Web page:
First we got baking (a vegan’s secret weapon) and we have had several stalls at markets and events, with an amazing array of baked goodies, raising in total £534. Then on the 2nd August 2014, we arranged a work-day at the sanctuary, a small group of us taking a trip to Evesham for the day, to paint fences, chicken coops and do a bit of DIY.
It was great to re-visit the sanctuary, and even better to help out. We gave the weathered coops a lick of fresh paint, while hens and dogs scurried around the sanctuary yard, and elderly sheep bleated to each other in neighbouring pens. A beautiful golden cockerel was making himself at home in the sheep pens, and occasionally let out a surprisingly loud cock-a-doodle, his huge neck reaching up to the sky, and his legs planted like tree-trunks.
We broke-up the work day with a bring-and-share lunch in the yard, and while we were contentedly munching away, a cunning hen launched herself from the top of a coop into our picnic and made off with some lentil rissoles. After lunch we fed the sheep a few rich-tea biscuits that we’d remembered to bring along (they are the sheep’s favourite treats), and this nearly started a sheep riot such was the enthusiasm.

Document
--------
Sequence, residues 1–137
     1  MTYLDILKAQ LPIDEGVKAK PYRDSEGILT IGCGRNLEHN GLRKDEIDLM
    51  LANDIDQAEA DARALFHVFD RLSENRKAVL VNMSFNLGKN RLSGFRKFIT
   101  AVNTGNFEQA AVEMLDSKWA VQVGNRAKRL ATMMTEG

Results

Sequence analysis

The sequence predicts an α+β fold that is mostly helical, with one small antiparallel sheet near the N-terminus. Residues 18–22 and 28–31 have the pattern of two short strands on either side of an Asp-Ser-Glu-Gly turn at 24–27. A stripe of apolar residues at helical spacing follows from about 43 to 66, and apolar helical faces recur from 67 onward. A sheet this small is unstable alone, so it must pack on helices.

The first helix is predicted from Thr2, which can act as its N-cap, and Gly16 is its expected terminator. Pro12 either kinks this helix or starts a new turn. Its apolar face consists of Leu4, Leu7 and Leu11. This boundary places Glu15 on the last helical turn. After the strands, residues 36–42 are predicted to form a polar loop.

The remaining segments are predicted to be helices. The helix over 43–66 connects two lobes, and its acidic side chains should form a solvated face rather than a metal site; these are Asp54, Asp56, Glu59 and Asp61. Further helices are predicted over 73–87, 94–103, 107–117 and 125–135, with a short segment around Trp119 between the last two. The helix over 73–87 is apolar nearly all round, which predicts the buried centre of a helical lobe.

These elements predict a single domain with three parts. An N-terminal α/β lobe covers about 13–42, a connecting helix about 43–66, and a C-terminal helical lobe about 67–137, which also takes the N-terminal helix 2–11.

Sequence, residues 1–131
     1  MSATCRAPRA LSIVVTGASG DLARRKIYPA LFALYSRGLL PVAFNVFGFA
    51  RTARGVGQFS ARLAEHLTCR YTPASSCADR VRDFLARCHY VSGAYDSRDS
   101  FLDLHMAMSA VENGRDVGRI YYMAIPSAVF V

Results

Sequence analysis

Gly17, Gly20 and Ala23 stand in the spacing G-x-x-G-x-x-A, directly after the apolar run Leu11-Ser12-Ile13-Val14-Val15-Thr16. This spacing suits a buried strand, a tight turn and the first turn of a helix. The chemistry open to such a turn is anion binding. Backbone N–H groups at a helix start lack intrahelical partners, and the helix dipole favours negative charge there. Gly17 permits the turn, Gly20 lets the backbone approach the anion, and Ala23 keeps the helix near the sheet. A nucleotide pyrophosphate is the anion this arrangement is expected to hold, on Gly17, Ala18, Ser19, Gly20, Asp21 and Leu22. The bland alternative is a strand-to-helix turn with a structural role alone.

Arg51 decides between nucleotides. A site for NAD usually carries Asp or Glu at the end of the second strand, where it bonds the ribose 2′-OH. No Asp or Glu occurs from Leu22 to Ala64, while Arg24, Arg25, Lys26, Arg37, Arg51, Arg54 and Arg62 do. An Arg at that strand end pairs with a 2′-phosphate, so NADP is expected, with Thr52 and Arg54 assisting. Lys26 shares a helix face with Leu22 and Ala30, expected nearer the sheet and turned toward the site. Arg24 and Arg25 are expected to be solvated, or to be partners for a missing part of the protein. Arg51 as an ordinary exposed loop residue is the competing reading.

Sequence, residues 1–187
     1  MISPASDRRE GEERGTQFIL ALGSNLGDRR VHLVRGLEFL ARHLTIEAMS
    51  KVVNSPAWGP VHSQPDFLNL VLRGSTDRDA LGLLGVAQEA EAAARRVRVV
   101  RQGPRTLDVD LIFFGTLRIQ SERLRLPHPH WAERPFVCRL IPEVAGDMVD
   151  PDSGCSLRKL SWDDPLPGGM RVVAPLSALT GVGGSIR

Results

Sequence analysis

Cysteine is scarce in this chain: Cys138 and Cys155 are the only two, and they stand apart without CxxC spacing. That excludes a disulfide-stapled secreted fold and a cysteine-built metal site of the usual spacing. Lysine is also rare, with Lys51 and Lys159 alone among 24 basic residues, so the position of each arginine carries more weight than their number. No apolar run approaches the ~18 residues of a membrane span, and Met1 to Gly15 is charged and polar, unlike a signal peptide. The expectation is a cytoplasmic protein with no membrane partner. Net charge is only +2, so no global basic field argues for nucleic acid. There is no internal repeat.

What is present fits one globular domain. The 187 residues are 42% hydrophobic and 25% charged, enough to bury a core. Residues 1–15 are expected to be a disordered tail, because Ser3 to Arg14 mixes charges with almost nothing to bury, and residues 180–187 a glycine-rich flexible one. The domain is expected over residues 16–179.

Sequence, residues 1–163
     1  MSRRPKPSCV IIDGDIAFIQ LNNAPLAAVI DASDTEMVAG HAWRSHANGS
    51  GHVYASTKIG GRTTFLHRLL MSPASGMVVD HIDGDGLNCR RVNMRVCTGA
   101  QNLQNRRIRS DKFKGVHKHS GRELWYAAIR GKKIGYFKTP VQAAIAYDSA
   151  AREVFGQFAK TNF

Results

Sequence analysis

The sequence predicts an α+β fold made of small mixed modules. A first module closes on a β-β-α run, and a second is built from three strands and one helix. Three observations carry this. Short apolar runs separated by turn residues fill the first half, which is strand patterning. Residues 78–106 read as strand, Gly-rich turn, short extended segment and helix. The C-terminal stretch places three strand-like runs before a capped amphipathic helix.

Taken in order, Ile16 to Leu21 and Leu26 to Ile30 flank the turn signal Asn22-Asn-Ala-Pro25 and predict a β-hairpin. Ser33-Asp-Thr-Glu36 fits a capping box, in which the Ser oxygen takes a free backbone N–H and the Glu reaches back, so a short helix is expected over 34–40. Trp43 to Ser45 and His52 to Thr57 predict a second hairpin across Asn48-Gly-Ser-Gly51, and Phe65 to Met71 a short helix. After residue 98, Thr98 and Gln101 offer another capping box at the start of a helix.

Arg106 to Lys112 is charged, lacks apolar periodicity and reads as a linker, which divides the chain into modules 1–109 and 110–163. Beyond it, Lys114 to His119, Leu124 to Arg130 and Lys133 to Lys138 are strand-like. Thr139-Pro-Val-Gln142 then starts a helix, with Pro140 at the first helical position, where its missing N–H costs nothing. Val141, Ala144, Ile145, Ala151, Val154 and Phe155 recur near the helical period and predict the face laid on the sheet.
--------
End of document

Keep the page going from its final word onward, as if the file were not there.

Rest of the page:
Then on to paint the main hen house in the fox-proof chicken enclosure. The hens were even more curious here, and pecked at our shoelaces or followed us around. In the background they were enjoying the sunshine, and dust-bathing in little hollows they’d made in the dirt, or just hanging out, pecking at the soil and scratching – all the natural behaviours that the Farm Animal Sanctuary gives these rescued hens the freedom to explore.
By the end of the day, we we’re all splattered from head-to-toe with brown paint – what a sight to behold, but very happy to have finished painting the large chicken house. It was a great chance to lend a hand to a good cause and enjoy spending time with fellow Glos Vegans.
The Farm Animal Sanctuary is such an inspiring example of positive action being taken to give farm animals (the most badly treated and exploited animals in our society) a chance they’d never otherwise be granted to live out their natural lives free from fear or harm. The number of animals given sanctuary at Evesham is a mere drop in the ocean compared to the approximately 900 million animals that are reared to be used by humans for food and clothing each year, but I see it as a small oasis of hope in a very non-vegan world. If you’d like to donate to them, adopt an animal, or offer your time to help out, please see their website for details.
Thanks to everyone who came along, and to Jan at the sanctuary for letting us help out.